"After the rupture of full communion with Constantinople, local churches will not be able to keep mum, they will have to put their stance forward," Alexei Osipov, Professor of the Moscow Theological Academy, told Izvestia. "If two churches break ties, you need to choose one of the parties or stop communicating with both of them. Actually, each Local Orthodox Church will have to sever full communion with either Constantinople or the Russian Orthodox Church. That’s a very difficult situation."

The decision by the Holy Synod of the Russian Orthodox Church will affect, first and foremost, Russian monks on Mount Athos, according to Alexei Svetozarsky, Professor of the Moscow Theological Academy. "They will find themselves in a very difficult situation, because Mount Athos is under the jurisdiction of the Patriarchate of Constantinople," he explained to Izvestia, adding that pilgrims could have some problems as well, because quotas for them are allocated by Constantinople.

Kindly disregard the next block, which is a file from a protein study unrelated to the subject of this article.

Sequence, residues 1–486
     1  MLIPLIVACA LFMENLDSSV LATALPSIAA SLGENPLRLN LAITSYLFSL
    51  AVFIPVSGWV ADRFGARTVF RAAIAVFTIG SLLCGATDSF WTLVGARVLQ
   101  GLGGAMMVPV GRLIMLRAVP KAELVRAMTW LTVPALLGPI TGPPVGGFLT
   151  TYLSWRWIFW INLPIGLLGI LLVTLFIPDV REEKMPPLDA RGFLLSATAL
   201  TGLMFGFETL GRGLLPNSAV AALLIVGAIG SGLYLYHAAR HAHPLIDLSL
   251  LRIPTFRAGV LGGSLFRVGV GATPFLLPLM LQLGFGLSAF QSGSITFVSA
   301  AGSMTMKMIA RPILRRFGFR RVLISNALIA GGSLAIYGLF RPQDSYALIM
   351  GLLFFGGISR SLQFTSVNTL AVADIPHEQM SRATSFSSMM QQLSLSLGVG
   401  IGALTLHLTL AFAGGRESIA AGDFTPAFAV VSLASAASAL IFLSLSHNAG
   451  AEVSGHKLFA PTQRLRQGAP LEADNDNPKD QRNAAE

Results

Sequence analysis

Kommersant: EU widens sanctions net to include punitive measures for chemical weapons

The Council of the European Union has agreed on a sanctions mechanism for the development and use of chemical weapons. This new instrument would ease the procedure of imposing restrictive measures on individuals and entities linked to chemical weapons attacks. Plans are in store to hammer out similar measures to punish cyberattacks. The document initiated by UK and France is, in actual fact, a compromise between the proponents and opponents of the EU's policy to get tough on Russia, Kommersant writes. Those in favor are satisfied with the fact that it makes it possible to slap sanctions on Russia over Crimea and Ukraine, and over other issues. On the other hand, those opposed welcome the fact that the issue of imposing fresh sanctions on Moscow has been removed from the agenda for at least some time.